In September 2000, almost 200 countries announced their support for the United Nations Millennium Declaration, promising to help in the fight against poverty and hunger, strengthen access to education and improve health, including combating major diseases by 2015. MCC is one of several U.S. government agencies that help partner countries in their efforts to achieve the Millennium Development Goals (MDGs) and improve peoples’ lives.
When world leaders convene in New York for the United Nations General Assembly later this month, the MDGs will be a major focus—looking at the progress that has been achieved and establishing a new agenda for development over the coming years. This is the first in a series of blogs highlighting some of MCC’s contributions to supporting the MDGs in the lead-up to the United Nations General Assembly.
MDG 1 sets the target of eradicating extreme poverty and hunger. Each MCC compact is designed to fight poverty, and many countries have made fighting hunger and food insecurity a priority of their relationship with MCC.
Since its creation in 2004, MCC has committed over $9 billion in programs designed to spur economic growth in 38 countries, and more than half of these investments have been in projects designed to reduce food insecurity. MCC has helped its partner countries improve agricultural productivity, gain greater access to markets and post-harvest facilities, boost agricultural finance, increase land tenure security, improve land governance and land administration and contribute to improved nutrition.
The effects of MCC’s poverty- and hunger-reducing efforts are evident in large-scale irrigation projects in Senegal, Burkina Faso and Mali. Through these investments, we have provided a reliable source of water for thousands of family farmers who are now able to grow irrigated rice and vegetables—even in the dry season and during periods of drought.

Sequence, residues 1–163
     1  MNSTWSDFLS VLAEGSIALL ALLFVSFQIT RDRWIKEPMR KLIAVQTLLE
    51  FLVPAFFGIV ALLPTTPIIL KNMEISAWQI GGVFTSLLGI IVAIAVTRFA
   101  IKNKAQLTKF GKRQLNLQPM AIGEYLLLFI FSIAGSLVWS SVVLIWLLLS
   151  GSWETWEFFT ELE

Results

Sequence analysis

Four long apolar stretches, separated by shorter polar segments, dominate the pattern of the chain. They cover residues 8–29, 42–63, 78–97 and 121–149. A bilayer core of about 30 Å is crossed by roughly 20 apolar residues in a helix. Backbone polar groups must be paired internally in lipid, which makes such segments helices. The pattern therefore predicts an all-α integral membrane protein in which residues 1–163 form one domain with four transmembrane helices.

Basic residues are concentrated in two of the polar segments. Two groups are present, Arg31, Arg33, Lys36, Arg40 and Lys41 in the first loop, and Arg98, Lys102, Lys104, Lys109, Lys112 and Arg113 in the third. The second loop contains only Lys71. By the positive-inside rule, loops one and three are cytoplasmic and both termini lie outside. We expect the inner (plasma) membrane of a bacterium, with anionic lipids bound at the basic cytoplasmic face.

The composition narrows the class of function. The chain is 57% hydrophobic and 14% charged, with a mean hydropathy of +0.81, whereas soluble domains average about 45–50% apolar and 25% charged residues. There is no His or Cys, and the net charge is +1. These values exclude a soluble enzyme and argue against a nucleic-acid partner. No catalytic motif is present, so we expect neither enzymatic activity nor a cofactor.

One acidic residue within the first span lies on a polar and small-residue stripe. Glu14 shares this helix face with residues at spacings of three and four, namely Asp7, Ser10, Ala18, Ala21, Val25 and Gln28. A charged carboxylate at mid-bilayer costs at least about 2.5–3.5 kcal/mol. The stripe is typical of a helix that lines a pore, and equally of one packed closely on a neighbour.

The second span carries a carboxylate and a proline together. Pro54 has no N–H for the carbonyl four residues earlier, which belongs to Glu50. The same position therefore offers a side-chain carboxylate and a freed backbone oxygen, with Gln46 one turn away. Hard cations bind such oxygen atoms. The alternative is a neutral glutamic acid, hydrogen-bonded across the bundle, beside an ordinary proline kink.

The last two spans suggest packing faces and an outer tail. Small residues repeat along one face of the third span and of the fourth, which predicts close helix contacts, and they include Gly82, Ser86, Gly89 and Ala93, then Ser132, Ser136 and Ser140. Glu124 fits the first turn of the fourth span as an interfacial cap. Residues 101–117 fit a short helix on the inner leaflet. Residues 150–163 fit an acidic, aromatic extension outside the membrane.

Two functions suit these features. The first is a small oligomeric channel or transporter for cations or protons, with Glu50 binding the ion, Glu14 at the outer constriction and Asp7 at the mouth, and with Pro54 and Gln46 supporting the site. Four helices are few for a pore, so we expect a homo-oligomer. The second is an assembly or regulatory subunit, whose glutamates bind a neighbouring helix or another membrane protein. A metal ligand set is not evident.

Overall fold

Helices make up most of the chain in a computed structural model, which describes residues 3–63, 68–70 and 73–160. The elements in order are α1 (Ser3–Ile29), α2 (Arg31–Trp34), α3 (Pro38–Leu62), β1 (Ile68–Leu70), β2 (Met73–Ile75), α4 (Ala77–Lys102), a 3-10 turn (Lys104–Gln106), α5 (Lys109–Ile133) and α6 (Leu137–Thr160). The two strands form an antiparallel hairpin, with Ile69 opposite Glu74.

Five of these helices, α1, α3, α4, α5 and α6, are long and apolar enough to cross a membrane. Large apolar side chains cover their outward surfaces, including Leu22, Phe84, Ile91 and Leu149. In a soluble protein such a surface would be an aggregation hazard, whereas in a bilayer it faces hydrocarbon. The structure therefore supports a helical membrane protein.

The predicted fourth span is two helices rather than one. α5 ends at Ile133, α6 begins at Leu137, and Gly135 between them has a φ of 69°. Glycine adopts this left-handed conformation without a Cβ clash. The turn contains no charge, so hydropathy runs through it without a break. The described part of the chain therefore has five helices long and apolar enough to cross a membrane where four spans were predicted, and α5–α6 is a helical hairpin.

And it’s not just the delivery of water that makes these investments significant. The sustainability of these investments has also been assured through participatory land allocation activities that protect the land rights of existing land users and give farmers a voice in deciding who receives new land rights, and land registration activities that provide secure, well-documented rights to the newly irrigated land.
More secure rights allow them to invest more confidently in making their land more productive and to take the lead in managing shared resources effectively. Community participation in land allocation decisions increases transparency and accountability of leaders and improves local governance structures. These investments should lead to increased income for these farmers, helping them to farm their way to a better life for themselves and their families.
Read more about MCC’s efforts to increase food security in its partner countries.